Sunday, February 7, 2016

Aba, Belgian Congo - January 8, 1946

This letter is just a fragment, from Coralee to the girls. We are missing any pages beyond the first...  

Dear girls,

I'll send some Bangala letters along and also one I received from Frieda.

Daddy, Mary and Miss Lutz left this morning with Mr. Brandt for the Bangala Conference. So tonight I am all alone on the hill. Even the strong gara[1] wind died down this evening and it seems so still and sultry.  Maybe it will rain.

Sydney Parkinson, 1768
Orange bougainvillea
watercolor by Sydney Parkinson, 
1768, in Brazil while traveling with
Captain Cook on the Endeavor. 
Some odd details you'll be interested in.  The dead branch is still hanging in the eucalyptus tree, the one Eddie and Daddy tried to get down.  Nearly all my rose bushes have died. I brought cuttings from Rethi and I think one or two will grow.  Oh, yes, the first night after we left Orlando we stayed in a tourist home where the lady had a lot of cactus. She gave me slips of several... I passed them on to Mother Schuit. But one called an ice plant I brought. It suffered much enroute but it is growing. It makes me think of you and Florida. I was so interested in what you wrote about the orange bougainvillea. Wish I had one. I'd especially like a white one. The gold shower is simply beautiful these hot days.  There is a bouquet here on the desk...

1.  The gara wind is a strong north wind from the desert, very hot and dry.  Mom also remembers the east wind, which is the one that brought the locusts. She remembers seeing a great dark cloud of them coming relentlessly towards Aba.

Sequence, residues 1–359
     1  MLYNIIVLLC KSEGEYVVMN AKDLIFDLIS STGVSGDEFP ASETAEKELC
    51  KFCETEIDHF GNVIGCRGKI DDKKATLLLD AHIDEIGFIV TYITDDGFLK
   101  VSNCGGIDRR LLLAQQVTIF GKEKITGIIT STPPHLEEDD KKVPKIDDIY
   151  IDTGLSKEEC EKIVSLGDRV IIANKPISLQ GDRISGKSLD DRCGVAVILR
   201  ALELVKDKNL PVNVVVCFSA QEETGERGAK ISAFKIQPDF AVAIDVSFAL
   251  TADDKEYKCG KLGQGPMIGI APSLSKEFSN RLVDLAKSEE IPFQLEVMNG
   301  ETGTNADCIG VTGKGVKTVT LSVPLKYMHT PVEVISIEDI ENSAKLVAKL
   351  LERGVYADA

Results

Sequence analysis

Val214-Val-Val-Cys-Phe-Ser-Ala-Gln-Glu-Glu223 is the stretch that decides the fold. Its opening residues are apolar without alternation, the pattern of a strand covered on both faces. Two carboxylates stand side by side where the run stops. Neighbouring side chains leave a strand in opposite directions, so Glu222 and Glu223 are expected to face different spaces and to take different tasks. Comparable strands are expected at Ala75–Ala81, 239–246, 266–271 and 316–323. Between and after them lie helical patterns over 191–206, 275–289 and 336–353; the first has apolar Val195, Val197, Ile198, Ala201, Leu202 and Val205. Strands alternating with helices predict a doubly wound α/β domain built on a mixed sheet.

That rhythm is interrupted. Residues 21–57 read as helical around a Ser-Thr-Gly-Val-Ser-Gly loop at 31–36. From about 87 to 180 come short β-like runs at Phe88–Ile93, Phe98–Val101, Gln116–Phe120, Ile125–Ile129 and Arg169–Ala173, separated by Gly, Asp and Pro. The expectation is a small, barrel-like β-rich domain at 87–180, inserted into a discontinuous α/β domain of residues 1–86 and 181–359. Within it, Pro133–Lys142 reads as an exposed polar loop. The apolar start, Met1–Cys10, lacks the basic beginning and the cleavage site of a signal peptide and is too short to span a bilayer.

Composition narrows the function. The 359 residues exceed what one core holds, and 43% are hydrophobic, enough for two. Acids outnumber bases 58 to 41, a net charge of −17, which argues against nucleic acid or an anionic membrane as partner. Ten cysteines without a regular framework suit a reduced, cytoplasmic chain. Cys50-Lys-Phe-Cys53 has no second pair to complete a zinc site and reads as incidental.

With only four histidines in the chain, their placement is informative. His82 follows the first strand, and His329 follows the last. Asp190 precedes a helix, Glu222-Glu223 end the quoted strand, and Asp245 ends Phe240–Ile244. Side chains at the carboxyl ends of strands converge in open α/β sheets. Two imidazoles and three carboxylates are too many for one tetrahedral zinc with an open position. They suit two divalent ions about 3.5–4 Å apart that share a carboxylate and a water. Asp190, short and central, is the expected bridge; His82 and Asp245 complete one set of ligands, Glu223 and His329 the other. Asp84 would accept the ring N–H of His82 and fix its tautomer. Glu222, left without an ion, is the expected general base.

Aba, Belgian Congo - January 3, 1946

In which Ralph talks about burning grass, a new car, and air service to  Aba!  

Belgian Congo
January 3, 1946

Dearest darling daughters,
We have been thinking a lot about you during these Christmas-New Year days.  We remembered that Christmas is a really big day at DuBose and have no doubt you had a very good time.  To you a Christmas without ice and snow does not seem so strange as it does to a lot of others. We hope to hear all about it soon.  Except for the early morning Christmas Carols and the presence of a lot of natives from the outschools, our Christmas this time was pretty much like any other day. You may be sure we missed you mingi pinza[1] and that made it hard to even think about Christmas.

We are happy to have received a couple of letters from you since our arrival here, but there have been almost none other from America except one from Eddie[2]. No second class mail at all has reached us so far, but I guess that's just as well for we haven't had time to do much reading anyway. We are just about floored by the prospect of having to look after almost the whole of the station besides our own department until someone comes to take over. We wish it were going to be Eddie and Nellie, but they have been assigned to Blukwa, for the present at least.

We were thinking of you a lot the other night too when the grass was burned on the station. One part, the north end, was done Saturday night and our end Monday night. All the whites came up our hill to watch, including Mr. and Mrs. Littlejohns and Miss Short who were passing through on their way to Adja where the Bangala Conference is to be held. They were going early to help do some hunting so that there will be meat for the crowd.  All went well on our hill until after we had nearly gone to bed and the natives had all left. Then some wind blew up and started the fire again which came up the back of our hill and nearly reached the big stacks of soli that had been cut for roofing. A lot of natives came back when they saw the fire and some of them stayed around until the night sinziri arrived to keep an eye on things throughout the night. However while he was looking at things around the hospital about 2:00 AM fire started up again and this time it reached and burned up the boys "little house" at the back of our hill.